A really fun new weekly pop-up restaurant called Sardine Head opened in Portland a little over a month ago, at famous Sweedeedee, a beloved breakfast and lunch spot. Fun fact: the team behind Myrtlewood first became good friends over weekly breakfasts at Sweedeedee the first few months they were open, before they had a sign and before they had the lines! I digress. The point of excitement here is that maybe people in this town are starting to appreciate sardines more, if a restaurant with oily tinned fish in its name is doing well. I wrote this recipe (more of a guide to making good and easy tinned fish sandwiches of all kinds), and we photographed it years ago, but it's seeing an audience for the very first time right now. If you live in Portland, go to Sardine Head yourself and check it out! And then swing by Ardor Natural Wines (great new shop/our pairing partners for Secret Restaurant Portland), pick up a great bottle, make these sandwiches, and create your own Sardine Head experience at home. If you don't live in Portland, do the latter but seek our your own source for minimal-intervention wines and make the sandwich. Or just enjoy this picture and the idea of the sandwich and the wine.
Sorrel & Sardine Sandwich with Labneh & Lemon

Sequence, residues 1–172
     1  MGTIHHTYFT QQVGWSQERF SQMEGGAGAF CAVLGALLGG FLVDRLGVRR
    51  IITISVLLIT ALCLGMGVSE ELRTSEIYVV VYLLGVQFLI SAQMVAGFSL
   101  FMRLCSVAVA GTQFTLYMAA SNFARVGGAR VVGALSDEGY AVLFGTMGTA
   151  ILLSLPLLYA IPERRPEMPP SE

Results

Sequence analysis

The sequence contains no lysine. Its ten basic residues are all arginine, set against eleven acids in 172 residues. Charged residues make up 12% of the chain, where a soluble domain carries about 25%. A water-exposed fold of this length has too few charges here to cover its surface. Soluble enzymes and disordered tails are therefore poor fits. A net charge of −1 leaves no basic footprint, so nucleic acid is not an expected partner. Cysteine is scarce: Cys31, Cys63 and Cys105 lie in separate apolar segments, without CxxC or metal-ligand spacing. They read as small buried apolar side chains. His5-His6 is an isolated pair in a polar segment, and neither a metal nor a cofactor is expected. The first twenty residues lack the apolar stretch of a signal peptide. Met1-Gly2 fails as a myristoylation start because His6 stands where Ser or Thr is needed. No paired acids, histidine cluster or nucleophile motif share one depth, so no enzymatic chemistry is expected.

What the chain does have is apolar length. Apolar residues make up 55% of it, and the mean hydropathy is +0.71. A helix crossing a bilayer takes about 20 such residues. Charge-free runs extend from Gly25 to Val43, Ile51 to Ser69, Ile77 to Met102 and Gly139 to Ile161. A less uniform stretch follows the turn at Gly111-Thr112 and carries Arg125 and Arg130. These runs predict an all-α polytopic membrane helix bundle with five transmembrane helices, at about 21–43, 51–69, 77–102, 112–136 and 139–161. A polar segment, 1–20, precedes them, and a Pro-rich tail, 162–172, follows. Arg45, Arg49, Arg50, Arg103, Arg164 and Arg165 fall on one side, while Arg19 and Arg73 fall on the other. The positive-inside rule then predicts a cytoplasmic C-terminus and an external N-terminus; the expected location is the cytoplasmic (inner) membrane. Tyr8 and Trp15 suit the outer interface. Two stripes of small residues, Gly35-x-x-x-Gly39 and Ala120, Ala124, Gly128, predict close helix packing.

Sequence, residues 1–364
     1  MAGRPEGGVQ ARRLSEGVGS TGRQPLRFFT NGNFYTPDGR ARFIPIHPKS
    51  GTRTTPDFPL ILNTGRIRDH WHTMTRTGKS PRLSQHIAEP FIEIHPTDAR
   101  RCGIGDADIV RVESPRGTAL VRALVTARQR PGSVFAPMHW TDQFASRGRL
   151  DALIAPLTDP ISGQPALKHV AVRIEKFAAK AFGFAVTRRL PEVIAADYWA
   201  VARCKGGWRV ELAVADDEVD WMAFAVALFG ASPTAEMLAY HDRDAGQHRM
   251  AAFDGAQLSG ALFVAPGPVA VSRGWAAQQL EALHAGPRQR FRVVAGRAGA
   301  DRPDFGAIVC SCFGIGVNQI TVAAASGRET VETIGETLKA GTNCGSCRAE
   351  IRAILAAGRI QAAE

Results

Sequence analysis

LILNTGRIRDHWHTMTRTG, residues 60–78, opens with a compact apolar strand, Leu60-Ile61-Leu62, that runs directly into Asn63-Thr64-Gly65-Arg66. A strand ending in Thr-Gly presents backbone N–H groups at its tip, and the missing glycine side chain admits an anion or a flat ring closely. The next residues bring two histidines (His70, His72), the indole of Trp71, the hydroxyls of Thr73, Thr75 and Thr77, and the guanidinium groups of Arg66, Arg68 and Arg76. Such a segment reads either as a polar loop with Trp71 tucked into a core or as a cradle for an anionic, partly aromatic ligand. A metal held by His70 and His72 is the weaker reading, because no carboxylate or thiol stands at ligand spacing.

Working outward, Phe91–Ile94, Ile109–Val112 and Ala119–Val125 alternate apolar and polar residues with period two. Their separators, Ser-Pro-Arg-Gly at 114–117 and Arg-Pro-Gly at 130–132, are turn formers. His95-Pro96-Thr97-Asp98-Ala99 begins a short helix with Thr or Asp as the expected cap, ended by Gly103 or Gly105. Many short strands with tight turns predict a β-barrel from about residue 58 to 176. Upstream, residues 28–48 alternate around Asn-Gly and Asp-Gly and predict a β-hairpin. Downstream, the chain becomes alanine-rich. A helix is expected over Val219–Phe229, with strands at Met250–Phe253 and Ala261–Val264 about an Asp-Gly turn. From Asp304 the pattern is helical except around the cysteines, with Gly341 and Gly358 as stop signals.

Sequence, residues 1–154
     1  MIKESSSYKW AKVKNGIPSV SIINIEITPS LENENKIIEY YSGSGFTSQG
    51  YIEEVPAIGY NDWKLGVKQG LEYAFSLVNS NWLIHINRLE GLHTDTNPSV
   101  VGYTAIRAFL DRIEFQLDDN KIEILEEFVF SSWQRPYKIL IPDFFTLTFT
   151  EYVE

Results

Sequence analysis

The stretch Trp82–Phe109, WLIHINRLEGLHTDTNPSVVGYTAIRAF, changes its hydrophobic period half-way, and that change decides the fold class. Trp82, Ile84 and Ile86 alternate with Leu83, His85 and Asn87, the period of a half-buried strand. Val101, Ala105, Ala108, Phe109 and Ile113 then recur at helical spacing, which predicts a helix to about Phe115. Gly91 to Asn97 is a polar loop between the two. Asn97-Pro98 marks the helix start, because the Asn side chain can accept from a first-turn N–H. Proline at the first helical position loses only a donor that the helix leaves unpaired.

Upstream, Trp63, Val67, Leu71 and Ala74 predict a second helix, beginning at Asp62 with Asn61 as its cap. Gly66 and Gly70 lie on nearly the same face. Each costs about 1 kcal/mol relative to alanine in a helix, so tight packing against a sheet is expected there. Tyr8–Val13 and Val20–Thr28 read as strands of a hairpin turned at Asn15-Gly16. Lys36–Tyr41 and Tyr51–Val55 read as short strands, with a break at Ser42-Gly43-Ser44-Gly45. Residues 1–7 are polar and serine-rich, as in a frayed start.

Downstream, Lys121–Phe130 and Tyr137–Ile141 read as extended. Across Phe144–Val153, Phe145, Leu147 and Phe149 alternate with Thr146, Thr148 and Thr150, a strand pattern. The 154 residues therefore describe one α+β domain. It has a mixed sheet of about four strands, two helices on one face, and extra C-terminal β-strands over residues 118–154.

- one tin of Matiz Gallego 'Sardines with Lemon'
- (other sardines will do, but these really are the nicest readily available in lots of grocery stores)
- good, simple hearth bread (no seeds/nuts/olives here, but sourdough, natural leaven, or alternative flours are a plus)
- labneh (middle eastern yogurt cheese, you could easily use cream cheese, fromage blanc, chèvre—spreadable, not-too-stinky cheese, hopefully with a piquant quality to it)
- lemon juice, salt, black pepper
- sorrel leaves
This is a generous dinner for one, or a small part of a more complete, shared meal for three.
Slice the bread about 3/4 inch thick. Get three good slices from the center of the loaf. Drizzle some olive oil or the oil from the sardine can on the bread. Spread with labneh. Drizzle more oil. Gently lift the sardines from the tin, opening them up as you go. Check to see if the bones are totally soft. If not, remove them. Sprinkle the fish with lemon juice.
Roll the sorrel leaves into a cigar shape, and slice the roll every 1/2 inch or so, to create little strips. Arrange pleasingly. The lemony quality of the sorrel is delicious with the sardines. Sorrel isn't exactly common at the grocery store, but it does frequently turn up at farmer's markets and is easy to grow. It's a biennial, and this sandwich came about first because it was the first thing to reappear in my garden. If you can't track down sorrel, use arugula or spinach or watercress tossed with lemon juice.
Season with black pepper and flaky salt.